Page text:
Fully alive to the necessity of restoring discipline and morality at Rome to ensure success without, he at once proceeded to reduce the cost of the papal court after the manner of the Dominican Order to which he belonged, compel residence among the clergy, regulate inns, expel prostitutes, and assert the importance of the ceremonial in general and the liturgy of the Mass in particular. In his wider policy, which was characterized throughout by an effective stringency, the maintenance and increase of the efficacy of the Inquisition and the enforcement of the canons and decrees of the Council of Trent had precedence over other considerations. Accordingly, in order to implement a decision of that council, he standardized the Holy Mass by promulgating the 1570 edition of the Roman Missal. Pope Pius V made this Missal mandatory throughout the Latin rite of the Catholic Church, except where a Mass liturgy dating from before 1370 was in use. This form of the Mass remained essentially unchanged for 400 years until Pope Paul VI's revision of the Roman Missal in 1969/1970, after which it has become widely known as the Tridentine Mass; use of the last pre-1969 edition of the Missal, that by Pope John XXIII in 1962, is permitted without limitation for private celebration of the Mass and is allowed also, under certain conditions, for public use, as laid down in the motu proprio Summorum Pontificum. Some continue to use even earlier editions, but without authorization.
St Pius V recognized attacks on papal supremacy in the Catholic Church and was desirous of limiting their advancement. In France, where his influence was stronger, he took several measures to oppose the Protestant Huguenots. He directed the dismissal of Cardinal Odet de Coligny and seven bishops, nullified the royal edict tolerating the extramural services of the Reformers, introduced the Roman catechism, restored papal discipline, and strenuously opposed all compromise with the Huguenot nobility.
In the list of more important bulls issued by him the famous bull "In Coena Domini" (1568) takes a leading place; but amongst others throwing light on Pope Pius V's character and policy there may be mentioned his prohibition of quaestuary (February 1567 and January 1570); the condemnation of Michael Baius, the heretical Professor of Leuven (1567); the reform of the breviary (July 1568); the denunciation of the "dirum nefas" (August 1568); the banishment of the Jews from the ecclesiastical dominions except Rome and Ancona (1569); the injunction of the use of the reformed missal (July 1570); the confirmation of the privileges of the Society of Crusaders for the protection of the Inquisition (October 1570); the dogmatic certainty of the miraculous conception (November 1570); the suppression of the Fratres Humiliati for profligacy (February 1571); the approbation of the new office of the Blessed Virgin (March 1571); the enforcement of the daily recitation of the canonical hours (September 1571); and the purchase of assistance against the Turks by offers of plenary pardon (March 1572). His response to the so-called reforms of Queen Elizabeth I of England (1558–1603) included support of the imprrisoned Mary, Queen of Scots (1542–67) and her supporters in their attempts to take over England "ex turpissima muliebris libidinis servitute". An important event in the history of Elizabethan England was the publication of a bull, Regnans in Excelsis, dated April 27, 1570, that declared Elizabeth I a heretic and released her subjects from their allegiance to her. This transformed the status of persecuted English Roman Catholics from religious dissidents to potential enemies of the state.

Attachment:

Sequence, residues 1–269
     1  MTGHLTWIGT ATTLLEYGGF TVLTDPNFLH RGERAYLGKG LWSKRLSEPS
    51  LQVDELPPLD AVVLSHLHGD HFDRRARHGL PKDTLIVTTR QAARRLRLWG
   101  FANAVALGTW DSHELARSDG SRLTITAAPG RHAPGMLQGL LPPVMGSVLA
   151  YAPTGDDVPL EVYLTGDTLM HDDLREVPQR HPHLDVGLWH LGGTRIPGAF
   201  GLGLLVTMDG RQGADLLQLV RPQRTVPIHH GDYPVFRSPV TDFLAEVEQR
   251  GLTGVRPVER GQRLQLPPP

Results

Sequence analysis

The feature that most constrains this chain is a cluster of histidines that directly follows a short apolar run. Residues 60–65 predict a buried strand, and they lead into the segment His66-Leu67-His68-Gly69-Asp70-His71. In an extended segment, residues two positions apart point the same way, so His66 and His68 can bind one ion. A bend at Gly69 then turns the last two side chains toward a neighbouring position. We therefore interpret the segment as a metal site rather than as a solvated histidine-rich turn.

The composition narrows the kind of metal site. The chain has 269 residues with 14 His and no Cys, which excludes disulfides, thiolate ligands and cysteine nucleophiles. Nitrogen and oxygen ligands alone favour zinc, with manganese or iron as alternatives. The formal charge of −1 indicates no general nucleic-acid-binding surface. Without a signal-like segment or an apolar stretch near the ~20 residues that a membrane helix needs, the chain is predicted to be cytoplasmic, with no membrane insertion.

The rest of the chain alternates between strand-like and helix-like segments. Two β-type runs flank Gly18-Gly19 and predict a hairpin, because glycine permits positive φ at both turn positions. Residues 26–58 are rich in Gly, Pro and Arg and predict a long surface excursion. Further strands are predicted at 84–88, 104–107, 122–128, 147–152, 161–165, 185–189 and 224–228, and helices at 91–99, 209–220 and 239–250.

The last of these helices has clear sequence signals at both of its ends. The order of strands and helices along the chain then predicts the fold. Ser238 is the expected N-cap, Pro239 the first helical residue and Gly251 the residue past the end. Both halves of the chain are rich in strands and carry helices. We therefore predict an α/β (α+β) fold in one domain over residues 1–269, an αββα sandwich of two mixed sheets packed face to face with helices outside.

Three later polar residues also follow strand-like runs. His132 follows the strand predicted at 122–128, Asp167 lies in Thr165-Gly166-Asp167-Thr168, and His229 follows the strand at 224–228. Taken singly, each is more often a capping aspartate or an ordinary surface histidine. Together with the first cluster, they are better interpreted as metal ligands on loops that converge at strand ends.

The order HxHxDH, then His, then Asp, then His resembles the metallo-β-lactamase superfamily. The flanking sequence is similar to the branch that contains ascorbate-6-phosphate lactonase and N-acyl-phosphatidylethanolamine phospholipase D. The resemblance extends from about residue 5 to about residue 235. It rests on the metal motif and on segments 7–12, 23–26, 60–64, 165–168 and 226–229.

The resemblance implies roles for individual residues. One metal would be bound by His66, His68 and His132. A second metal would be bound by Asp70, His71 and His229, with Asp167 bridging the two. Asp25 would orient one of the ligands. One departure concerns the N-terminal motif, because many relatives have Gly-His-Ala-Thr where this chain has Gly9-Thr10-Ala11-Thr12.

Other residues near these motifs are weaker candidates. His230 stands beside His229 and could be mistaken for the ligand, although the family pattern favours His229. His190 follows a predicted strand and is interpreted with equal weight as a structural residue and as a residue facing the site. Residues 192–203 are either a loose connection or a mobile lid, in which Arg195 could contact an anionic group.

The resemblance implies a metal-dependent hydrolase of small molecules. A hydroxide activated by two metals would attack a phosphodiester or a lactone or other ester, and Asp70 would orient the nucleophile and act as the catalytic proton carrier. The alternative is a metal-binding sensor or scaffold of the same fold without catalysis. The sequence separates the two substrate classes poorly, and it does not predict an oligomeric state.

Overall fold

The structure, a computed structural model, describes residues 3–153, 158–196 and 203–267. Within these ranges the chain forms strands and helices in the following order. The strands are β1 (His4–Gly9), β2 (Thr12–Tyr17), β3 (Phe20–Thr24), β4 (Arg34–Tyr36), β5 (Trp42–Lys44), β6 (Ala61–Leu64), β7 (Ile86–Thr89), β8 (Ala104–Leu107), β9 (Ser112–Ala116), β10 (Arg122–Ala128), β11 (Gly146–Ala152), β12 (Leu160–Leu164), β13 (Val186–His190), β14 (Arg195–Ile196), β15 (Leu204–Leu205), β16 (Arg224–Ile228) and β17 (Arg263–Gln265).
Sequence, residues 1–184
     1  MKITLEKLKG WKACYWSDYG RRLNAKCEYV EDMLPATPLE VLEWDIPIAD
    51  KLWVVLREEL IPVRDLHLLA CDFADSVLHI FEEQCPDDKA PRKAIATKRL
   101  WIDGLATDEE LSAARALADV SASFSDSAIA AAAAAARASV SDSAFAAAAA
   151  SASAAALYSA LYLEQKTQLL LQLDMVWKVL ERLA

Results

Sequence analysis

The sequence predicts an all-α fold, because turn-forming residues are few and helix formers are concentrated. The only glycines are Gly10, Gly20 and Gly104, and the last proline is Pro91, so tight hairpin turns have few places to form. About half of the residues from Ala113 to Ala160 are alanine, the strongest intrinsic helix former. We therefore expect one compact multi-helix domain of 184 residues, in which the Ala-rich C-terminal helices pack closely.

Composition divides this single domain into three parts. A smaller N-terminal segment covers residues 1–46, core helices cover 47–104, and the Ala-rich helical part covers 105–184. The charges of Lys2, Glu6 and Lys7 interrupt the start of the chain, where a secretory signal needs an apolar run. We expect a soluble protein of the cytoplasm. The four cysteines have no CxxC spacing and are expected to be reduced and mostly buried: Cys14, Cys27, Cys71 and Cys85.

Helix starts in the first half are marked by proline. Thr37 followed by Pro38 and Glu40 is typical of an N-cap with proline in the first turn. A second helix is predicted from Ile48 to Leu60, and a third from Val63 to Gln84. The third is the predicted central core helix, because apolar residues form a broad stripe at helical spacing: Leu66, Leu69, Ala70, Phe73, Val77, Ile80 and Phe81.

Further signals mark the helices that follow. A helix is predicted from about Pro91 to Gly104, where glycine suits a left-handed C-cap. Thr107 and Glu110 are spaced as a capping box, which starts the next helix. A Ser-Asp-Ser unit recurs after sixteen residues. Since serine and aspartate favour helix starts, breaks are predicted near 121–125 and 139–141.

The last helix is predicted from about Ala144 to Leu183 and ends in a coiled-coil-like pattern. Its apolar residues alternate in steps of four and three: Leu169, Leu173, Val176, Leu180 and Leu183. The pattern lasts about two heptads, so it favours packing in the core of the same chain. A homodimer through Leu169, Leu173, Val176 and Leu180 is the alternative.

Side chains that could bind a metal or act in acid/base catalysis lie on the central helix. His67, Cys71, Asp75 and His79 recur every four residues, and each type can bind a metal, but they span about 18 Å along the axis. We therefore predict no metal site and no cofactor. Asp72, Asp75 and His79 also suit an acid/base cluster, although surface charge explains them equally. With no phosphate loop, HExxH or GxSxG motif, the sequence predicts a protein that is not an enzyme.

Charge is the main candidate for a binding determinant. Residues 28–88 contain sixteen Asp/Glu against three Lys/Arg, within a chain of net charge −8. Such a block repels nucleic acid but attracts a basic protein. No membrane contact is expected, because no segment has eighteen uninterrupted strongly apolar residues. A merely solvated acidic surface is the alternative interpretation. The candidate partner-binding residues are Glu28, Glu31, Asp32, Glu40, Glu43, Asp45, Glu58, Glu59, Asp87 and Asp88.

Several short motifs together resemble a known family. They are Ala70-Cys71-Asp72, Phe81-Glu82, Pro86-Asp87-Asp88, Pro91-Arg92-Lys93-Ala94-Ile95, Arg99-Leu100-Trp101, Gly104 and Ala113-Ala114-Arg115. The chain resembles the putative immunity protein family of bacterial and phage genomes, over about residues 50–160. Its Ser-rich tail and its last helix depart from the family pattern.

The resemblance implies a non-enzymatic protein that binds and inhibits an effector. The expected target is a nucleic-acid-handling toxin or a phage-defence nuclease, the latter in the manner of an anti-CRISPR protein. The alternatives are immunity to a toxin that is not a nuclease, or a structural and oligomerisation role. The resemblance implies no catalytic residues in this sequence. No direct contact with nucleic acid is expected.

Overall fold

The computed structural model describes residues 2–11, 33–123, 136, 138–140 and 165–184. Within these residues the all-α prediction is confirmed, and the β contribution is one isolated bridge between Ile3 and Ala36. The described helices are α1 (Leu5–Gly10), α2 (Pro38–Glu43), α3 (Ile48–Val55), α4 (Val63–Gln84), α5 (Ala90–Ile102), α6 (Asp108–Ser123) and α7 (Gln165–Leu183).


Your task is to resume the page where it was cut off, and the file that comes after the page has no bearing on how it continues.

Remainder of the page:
Saint Pius V persistently and successfully attempted to form a general league against the Turks, as the result of which the Battle of Lepanto (October 7, 1571) was won by the combined fleet under Colonna. It is attested in his canonization that he miracously knew when the battle was over, himself being in Rome at the time. Three national synods were held during his pontificate at Naples under Cardinal Alfonso Caraffa (whose family had, after inquiry, been reinstated by Pius V), at Milan under Saint Charles Borromeo, and at Machim.
After his election to the papacy, Pius V continued to wear white, the color of his Dominican habit. Every Pontiff since St Pius V has followed his example of wearing white clothing. Prior to Pope Pius V, Popes, like Cardinals, wore red. This is why some papal accessories, such as the papal shoes, camauro, mozzetta, and cappello romano, are red.
Pius V died on 1 May 1572. He was succeeded by Pope Gregory XIII (1572–85). In 1696, the process of Pius's canonisation was started through the efforts of the Master of the Order of Preachers, Antonin Cloche. He also immediately commissioned a representative tomb from the sculptor Pierre Le Gros the Younger to be erected in the Sistine Chapel of the Basilica di Santa Maria Maggiore. The pope's body was placed in it in 1698. St Pius V was beatified by Pope Clement X in the year 1672, and was later canonized by Pope Clement XI (1700–1721) on 24 May 1712.
In the following year, 1713, his feast day was inserted in the General Roman Calendar, for celebration on 5 May, with the rank of "Double", the equivalent of "Third-Class Feast" in the General Roman Calendar of 1962, and of its present rank of "Memorial". In 1969 the celebration was moved to 30 April, the day before the anniversary of his death (1 May)
The front of his tomb has a lid of gilded bronze which shows a likeness of the dead pope. Most of the time this is left open to allow the veneration of the saint's remains.